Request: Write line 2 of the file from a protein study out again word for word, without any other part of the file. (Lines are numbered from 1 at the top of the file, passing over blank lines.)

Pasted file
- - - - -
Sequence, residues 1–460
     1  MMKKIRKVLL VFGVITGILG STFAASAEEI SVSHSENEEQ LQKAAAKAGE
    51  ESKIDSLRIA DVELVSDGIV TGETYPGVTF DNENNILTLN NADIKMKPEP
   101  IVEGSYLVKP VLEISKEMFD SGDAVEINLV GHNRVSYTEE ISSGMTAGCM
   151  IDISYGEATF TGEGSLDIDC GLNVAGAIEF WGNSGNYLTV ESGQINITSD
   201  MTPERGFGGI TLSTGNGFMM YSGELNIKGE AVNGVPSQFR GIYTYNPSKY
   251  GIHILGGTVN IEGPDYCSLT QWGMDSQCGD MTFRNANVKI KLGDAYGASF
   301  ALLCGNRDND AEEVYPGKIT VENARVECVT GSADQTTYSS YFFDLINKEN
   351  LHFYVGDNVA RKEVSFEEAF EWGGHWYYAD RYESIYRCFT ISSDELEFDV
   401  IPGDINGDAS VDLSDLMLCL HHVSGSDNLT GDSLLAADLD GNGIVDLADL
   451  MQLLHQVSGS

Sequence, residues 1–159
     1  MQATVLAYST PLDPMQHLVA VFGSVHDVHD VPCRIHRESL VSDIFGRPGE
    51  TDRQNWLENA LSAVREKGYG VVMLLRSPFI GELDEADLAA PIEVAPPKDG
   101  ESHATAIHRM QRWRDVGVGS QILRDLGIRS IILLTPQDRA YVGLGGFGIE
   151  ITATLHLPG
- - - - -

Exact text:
     1  MMKKIRKVLL VFGVITGILG STFAASAEEI SVSHSENEEQ LQKAAAKAGE